Rogers Behavioral Health

How parents can support kids' mental health recovery with Parent University

Posted on 04/19/18 01:23:pm

As a parent, seeing your child struggling with the expected challenges of childhood and adolescence is hard. But when it’s an unexpected challenge like mental illness, it’s even harder.

According to the National Institute of Mental Health, 20% of children ages 13 to 18 currently have or previously had a debilitating mental disorder.

When your child is being treated for behavioral problems or mental illness, you are often consumed with a flood of questions and emotions. Am I saying the right things to my child? How can I help? Will my child ever get better? Was the mental illness my fault? How do I support my child’s mental health needs after treatment?

Family involvement is a key part of Rogers’ therapeutic approach for many of our child and adolescent treatments. Parents are encouraged to participate in Parent University, a program that educates parents in the treatment, recovery, and mental health support of their children.

“Parents are often so confused about how to best help their child; they’ve received all kinds of different messages over the years,” says Dr. Peggy Scallon, medical director of the FOCUS Adolescent Mood Disorders Program in Oconomowoc. “What we try to do is take an educational, supportive stance with parents.”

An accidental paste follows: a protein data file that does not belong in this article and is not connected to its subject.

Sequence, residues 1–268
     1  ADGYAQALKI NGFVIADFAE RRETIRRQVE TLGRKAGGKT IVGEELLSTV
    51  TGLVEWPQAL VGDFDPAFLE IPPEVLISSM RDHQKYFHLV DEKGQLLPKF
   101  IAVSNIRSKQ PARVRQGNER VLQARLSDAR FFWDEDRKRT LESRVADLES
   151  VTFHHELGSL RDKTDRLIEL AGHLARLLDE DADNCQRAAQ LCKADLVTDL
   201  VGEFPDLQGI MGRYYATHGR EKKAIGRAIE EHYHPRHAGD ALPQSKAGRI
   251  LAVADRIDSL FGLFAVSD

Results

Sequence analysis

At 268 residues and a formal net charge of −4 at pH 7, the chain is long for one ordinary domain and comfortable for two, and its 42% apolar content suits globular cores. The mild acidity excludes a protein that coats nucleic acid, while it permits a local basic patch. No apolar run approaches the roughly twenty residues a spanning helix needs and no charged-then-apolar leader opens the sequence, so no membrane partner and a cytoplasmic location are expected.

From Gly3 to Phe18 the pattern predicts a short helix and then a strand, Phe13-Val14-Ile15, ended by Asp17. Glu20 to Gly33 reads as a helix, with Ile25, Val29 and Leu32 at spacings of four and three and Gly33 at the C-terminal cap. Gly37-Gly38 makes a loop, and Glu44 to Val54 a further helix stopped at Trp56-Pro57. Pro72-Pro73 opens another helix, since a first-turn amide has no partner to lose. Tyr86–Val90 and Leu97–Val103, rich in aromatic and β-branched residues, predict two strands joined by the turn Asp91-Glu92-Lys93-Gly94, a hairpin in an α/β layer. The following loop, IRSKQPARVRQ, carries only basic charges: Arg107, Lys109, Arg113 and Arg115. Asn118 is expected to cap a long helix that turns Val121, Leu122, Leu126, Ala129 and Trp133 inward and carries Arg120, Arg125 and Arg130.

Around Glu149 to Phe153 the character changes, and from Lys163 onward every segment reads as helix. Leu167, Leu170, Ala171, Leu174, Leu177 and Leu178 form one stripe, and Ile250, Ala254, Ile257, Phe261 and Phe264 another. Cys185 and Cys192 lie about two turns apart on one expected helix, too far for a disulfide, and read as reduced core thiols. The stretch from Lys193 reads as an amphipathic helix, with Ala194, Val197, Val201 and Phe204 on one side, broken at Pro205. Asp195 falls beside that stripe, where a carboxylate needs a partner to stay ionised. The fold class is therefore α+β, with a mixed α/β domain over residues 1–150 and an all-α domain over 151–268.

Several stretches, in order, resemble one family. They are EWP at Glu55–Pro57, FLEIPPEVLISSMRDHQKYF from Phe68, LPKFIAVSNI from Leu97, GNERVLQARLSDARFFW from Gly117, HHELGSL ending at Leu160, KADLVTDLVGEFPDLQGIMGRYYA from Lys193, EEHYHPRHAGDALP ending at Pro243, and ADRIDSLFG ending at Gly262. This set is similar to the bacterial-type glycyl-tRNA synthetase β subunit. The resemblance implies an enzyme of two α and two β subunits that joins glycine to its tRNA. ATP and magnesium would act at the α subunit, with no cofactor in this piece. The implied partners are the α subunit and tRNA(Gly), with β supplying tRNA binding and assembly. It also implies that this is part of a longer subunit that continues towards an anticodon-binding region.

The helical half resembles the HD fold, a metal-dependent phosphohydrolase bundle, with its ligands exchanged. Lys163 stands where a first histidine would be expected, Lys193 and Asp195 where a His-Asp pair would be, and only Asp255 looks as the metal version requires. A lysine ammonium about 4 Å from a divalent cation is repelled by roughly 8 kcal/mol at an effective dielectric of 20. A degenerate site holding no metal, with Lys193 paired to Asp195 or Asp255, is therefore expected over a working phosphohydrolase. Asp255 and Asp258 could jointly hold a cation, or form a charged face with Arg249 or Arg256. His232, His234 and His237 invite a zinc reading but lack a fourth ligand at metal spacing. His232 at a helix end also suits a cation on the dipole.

In Parent University, parents discuss expectations of accountability for a child after they return home from treatment. For example, ensuring parents continue to support treatment strategies — such as expecting their child to attend school and complete homework and chores daily — is critical to advancing their child’s mental health recovery and easing the transition back to home and school. In addition, parents learn what to avoid, including not reinforcing bad behavior.

View the video above to hear Dr. Scallon explain more about what parents and families can expect from Parent University.

Rogers programs that offer Parent University include depression and mood disorderseating disordersOCD and anxiety (Exception: Adolescent Center), and the Nashotah Program.


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